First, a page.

It claimed that cases decided increased from 32 to 64; show-cause notices issued increased from 219 to 434; 37 enquiry reports were completed against 19 before; 13 policy notes were published against six before; 215 exemptions were granted by Mirza, whereas Ms Kaunain increased them to 456; four search inspections were conducted during 2007-2010, and these were increased to 18, and compared to 164 NOCs issued by Mirza, Ms Kaunain cleared 359 cases for mergers. The collection of penalty by the CCP also jumped from Rs7.316 billion to over Rs25 billion during Kaunain’s period as CCP chairperson.
“She might have done what she claims, but market manipulators continue to operate with impunity. People continue to pay premiums on car purchases, and those who decline to overpay are punished by car assemblers. The car buyers lose out on interest on the millions they deposit as price, and are humiliated by the company during the waiting period that runs into months,” commented an expert on anti-trust laws.
As CCP chairman, Khalid Mirza had pointed out in 2008 that several sectors were run by oligarchies or cartels, which adversely affected the interest of consumers. “Leading banks, and cement, sugar, automotive and fertiliser companies are colluding for gains,” Mirza said in an interactive seminar in Karachi. He added that “the monopoly rent is pervasive in the economy, and has caused endemic inefficiency in all the sectors, which has damaged the country’s competitiveness”.
Zubair Ahmed Malik, president of the Federation of Pakistan Chamber of Commerce and Industry, supports the CCP’s mission of curtailing the power of market manipulators, who stifle space for new entrants and cause public sentiments to turn against the private sector.
“I am not casting aspersions, but the big business feared the competition commission when Khalid Mirza was heading the regulatory body. The lady achieved whatever she did because of the ‘incorruptible tough competent body that means business’ reputation the CCP earned in its formative years,” Malik told Dawn.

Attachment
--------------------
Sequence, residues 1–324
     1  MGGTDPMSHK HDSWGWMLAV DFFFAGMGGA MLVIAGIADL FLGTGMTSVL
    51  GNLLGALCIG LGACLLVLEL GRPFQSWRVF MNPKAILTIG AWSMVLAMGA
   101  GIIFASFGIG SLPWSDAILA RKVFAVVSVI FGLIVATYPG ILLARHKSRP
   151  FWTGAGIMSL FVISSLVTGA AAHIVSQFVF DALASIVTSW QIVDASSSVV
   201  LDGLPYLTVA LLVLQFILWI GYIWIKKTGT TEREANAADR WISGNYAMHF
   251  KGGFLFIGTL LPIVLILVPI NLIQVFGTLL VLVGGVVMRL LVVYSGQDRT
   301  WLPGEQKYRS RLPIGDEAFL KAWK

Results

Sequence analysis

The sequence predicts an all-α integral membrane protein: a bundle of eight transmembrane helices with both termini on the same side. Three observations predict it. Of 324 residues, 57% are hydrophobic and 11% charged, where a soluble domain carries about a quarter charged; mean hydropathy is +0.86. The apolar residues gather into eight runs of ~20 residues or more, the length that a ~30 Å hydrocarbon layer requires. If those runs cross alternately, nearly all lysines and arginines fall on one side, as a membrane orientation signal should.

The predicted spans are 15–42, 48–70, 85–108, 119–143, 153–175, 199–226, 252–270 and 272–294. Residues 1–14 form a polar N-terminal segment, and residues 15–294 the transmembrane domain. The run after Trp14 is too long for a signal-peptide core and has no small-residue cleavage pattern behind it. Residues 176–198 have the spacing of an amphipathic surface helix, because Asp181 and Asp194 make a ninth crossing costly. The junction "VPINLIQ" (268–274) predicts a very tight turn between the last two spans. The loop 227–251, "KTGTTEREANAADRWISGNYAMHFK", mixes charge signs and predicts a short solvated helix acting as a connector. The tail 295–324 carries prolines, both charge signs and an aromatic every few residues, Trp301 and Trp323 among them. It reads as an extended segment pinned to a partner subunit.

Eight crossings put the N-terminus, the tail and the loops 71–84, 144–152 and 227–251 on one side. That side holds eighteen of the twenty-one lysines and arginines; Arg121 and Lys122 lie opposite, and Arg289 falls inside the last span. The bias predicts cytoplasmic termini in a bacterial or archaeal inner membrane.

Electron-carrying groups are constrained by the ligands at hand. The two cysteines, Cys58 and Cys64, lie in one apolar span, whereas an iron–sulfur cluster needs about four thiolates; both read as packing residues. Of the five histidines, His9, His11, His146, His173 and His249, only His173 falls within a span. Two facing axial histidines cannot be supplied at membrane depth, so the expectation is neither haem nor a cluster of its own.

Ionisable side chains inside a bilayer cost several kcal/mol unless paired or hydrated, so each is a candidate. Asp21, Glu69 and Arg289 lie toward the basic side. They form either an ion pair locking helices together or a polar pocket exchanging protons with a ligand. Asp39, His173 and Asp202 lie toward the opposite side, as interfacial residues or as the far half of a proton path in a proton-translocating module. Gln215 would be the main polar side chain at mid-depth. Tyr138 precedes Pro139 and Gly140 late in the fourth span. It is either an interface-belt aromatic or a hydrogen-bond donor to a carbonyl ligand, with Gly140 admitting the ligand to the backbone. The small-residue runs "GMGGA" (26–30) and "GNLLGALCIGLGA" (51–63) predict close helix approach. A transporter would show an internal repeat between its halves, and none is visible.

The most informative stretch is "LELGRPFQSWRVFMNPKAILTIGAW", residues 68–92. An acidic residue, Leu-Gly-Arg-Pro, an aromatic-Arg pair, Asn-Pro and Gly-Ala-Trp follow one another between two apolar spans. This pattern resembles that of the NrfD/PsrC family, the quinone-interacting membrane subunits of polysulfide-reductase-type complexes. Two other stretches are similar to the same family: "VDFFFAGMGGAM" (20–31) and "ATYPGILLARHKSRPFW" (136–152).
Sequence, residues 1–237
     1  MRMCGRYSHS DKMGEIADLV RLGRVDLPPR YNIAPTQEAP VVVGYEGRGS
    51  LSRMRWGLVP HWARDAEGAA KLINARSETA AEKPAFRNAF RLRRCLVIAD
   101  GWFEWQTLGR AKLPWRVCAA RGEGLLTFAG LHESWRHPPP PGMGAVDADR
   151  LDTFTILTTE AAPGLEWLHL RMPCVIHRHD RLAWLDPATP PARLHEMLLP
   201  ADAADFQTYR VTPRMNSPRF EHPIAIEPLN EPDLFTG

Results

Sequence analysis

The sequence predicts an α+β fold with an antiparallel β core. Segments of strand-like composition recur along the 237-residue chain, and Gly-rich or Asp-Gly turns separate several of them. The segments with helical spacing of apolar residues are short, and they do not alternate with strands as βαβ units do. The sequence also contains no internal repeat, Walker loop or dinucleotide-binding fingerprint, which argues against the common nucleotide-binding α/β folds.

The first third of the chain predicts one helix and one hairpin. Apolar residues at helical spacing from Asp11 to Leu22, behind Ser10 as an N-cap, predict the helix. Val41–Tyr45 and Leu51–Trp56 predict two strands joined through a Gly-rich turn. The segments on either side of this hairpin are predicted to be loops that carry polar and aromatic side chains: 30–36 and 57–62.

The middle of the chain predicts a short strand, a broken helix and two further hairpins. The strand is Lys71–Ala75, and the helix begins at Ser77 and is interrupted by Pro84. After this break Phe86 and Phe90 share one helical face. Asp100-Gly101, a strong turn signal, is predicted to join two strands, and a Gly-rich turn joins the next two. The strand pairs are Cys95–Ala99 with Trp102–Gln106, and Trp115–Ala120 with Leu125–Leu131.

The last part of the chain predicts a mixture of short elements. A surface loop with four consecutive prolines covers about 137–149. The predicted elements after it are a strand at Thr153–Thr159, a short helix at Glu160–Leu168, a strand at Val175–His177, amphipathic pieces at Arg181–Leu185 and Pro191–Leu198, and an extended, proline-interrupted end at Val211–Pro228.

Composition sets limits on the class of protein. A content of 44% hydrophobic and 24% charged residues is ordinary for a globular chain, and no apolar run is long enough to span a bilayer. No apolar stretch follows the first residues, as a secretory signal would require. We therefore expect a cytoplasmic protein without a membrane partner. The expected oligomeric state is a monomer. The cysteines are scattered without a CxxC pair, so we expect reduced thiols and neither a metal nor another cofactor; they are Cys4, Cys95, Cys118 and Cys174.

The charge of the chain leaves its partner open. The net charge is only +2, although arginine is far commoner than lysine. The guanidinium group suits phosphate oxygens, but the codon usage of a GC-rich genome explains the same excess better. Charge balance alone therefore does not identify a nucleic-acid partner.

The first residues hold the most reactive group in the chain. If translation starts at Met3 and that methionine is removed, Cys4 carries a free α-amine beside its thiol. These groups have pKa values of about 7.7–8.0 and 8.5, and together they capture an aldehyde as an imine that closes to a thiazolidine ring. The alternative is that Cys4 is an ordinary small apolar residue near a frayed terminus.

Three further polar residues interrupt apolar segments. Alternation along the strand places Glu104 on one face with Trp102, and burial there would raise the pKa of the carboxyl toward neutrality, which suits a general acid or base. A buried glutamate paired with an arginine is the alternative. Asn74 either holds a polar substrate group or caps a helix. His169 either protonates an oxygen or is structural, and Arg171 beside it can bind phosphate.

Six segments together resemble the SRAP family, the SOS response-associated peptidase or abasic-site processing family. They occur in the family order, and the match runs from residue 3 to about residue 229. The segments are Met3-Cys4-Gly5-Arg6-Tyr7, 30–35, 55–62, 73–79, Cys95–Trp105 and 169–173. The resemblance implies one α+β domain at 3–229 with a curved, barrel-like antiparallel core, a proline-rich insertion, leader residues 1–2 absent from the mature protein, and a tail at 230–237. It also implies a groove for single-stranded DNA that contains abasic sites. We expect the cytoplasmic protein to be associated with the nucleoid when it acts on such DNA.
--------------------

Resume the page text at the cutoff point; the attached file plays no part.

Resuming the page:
“The government must do all it takes to make the Competition Appellate Tribunal (CAT) functional, to allow the CCP to play the role of a referee and ensure that medium and small businesses get equal opportunity to compete in a free market environment,” he added.
The tribunal was supposed to start work within a month after parliament enacted the CCP Act in 2010. Justice Faqir Mohammad Khokar was appointed chairman of the minimum three-member tribunal. In 2012, Mirza was hired as a CAT member. However, the tribunal could not become operative, as the government has not appointed the third member.
The situation favours companies found guilty by the CCP of violation of market code. “They file appeals in high courts, which retards the process and renders the regulator toothless,” explained a corporate lawyer familiar with the issue.
“I seriously doubt that the Nawaz Sharif government, which is supported by big business, will be interested in an effective competition commission,” commented an economist.
The Competition Commission of Pakistan, a quasi-regulatory and quasi-judicial body, has been vested with the responsibility to ensure healthy competition in a free market environment. It is tasked to prohibit the abuse of dominant position in the market, anti-competitive tie-ups and deceptive market practices.